As part of my studies in Acts, I have had to consider one of the questions theologians always consider when reading Acts, which is: how much of Acts is purely descriptive and how much are we suppose to copy today? Are we suppose to live communally (Acts 2:44)? Are we suppose to take vows (Acts 18:18)? Should circumcision be apart of faith today (Acts 16:3)? And what about the miraculous events, is it normal for Christians to experience these? Is abnormal if we don’t?

For my assignment I wrote about the passage in Acts where Peter is invited to Cornelius’ house. The day Peter went to Cornelius’ house was a big day for Peter and included a lot of firsts. First time in a Gentile house, probably ate non-kosher food for the first time, but the big one was for the first time he realized that God accepted Gentiles without them having to become Jewish. The significance of this probably doesn’t mean much to us but it meant heaps to Peter and opened lots of doors in his mind.

This is the conclusion I came to in my assignment:

God does not give us a rule book to tell us how to run our lives or our churches but rather he gives us examples in Acts of spirit-filled people and spirit-led churches. He gives us stories of actual events to show us how others have grappled with being God’s person in a fallen world. Every community is different and God wants to move uniquely in each one. We cannot take a verse out of Acts and use it as a precedence for Christian practice but we can consider how the early believers lived, loved, prayed, worshipped, witnessed, and evaluate, with the Spirit’s enabling, whether this should be the norm for us.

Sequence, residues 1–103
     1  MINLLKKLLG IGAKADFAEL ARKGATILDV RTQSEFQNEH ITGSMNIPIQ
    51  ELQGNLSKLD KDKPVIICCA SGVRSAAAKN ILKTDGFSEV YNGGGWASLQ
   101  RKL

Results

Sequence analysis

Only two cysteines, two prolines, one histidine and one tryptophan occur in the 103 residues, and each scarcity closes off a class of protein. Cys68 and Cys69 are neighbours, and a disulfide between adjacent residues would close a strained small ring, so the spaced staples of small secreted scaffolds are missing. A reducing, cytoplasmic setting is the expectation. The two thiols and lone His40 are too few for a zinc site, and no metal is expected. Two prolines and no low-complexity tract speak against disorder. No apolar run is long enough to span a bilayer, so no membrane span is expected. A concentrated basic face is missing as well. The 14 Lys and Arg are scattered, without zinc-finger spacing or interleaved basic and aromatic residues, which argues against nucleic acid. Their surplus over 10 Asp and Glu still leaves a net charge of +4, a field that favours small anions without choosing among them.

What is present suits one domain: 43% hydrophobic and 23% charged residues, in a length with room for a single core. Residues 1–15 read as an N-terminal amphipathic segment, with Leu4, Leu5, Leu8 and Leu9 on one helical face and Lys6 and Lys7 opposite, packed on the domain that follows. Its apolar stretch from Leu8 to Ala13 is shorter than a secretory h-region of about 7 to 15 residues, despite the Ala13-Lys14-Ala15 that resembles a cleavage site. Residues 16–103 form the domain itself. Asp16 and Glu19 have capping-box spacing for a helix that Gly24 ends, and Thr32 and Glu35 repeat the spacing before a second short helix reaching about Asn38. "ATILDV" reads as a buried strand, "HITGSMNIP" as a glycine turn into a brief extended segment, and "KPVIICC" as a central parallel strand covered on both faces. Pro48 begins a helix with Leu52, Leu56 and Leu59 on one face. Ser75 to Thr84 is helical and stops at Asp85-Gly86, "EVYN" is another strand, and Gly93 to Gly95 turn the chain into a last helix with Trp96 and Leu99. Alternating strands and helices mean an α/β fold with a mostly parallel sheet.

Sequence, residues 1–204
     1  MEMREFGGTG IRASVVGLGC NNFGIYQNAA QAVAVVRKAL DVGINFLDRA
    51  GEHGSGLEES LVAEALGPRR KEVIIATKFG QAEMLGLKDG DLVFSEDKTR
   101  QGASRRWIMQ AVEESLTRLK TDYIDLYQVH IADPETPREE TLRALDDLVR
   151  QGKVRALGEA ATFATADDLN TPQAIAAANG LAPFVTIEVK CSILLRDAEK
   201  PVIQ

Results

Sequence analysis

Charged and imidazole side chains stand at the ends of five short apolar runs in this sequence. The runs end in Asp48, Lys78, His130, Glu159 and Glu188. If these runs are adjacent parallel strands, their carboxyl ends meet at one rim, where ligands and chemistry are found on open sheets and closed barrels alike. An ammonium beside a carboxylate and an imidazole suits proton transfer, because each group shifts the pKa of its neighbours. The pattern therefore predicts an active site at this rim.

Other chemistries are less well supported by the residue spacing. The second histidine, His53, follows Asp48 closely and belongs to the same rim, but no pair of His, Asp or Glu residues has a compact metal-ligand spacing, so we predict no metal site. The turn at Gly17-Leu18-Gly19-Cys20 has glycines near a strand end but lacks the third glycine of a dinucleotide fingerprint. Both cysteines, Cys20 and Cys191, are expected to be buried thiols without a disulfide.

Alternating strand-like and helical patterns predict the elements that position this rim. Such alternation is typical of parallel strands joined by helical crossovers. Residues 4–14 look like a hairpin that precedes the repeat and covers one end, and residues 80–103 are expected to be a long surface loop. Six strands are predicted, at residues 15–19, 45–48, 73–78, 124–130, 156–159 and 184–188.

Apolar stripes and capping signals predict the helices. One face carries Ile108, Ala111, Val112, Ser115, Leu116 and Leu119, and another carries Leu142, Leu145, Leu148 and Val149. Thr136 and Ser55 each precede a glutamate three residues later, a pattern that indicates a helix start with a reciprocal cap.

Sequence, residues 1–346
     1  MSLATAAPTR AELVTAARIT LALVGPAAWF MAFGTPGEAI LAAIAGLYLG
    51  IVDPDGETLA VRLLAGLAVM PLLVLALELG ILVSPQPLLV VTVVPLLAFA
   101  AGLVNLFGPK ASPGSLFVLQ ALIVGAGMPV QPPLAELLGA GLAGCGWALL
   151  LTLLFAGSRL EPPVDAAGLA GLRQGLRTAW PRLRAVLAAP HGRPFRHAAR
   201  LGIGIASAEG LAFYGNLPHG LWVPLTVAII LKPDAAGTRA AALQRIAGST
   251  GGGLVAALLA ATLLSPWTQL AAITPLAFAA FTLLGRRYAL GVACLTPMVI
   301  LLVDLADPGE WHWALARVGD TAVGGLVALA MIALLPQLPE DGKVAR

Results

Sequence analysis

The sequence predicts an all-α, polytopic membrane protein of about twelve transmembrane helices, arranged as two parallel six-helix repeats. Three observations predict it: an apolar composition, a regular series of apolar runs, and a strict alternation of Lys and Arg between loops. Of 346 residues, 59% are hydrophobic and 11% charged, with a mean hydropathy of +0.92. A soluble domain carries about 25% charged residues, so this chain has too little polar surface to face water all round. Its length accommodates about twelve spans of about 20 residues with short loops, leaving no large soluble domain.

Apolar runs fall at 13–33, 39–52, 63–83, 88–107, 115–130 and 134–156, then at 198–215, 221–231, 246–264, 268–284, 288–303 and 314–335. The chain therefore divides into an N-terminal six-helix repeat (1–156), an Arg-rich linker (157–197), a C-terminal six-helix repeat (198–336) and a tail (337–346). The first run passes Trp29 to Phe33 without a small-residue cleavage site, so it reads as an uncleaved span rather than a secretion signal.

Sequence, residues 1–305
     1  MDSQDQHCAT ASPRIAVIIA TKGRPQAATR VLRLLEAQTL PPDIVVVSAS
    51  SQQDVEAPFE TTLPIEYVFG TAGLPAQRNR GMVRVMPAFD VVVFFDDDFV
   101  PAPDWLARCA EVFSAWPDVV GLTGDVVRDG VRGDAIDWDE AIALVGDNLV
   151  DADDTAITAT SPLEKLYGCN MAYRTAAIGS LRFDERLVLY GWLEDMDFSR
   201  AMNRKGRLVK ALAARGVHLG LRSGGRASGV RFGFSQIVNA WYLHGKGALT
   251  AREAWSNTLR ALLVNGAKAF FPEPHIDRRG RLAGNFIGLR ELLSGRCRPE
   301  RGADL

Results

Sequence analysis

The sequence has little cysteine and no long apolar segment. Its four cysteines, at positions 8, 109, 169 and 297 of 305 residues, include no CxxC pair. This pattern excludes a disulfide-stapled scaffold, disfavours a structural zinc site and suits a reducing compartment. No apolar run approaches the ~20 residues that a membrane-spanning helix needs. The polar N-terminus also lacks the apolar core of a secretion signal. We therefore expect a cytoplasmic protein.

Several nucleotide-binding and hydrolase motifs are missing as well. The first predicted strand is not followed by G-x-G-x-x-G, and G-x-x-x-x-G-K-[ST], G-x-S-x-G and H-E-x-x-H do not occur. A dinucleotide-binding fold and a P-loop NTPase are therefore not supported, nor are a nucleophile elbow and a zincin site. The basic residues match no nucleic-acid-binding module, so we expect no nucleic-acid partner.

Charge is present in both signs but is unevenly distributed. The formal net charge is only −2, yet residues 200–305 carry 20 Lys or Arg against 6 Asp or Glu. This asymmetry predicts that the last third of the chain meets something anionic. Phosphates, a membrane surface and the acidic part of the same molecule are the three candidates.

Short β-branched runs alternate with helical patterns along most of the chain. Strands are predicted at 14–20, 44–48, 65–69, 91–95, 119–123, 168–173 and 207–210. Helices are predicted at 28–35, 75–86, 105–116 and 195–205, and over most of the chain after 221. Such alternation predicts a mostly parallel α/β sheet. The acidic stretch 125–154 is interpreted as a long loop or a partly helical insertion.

Yet perhaps the biggest lesson from this passage in Acts is that we cannot make ourselves acceptable to God by adherence to rules and customs, by ceremonies and observances, or by changing our nationality and lifestyle. God accepts Cornelius and us by faith alone, nothing more, nothing less, nothing else.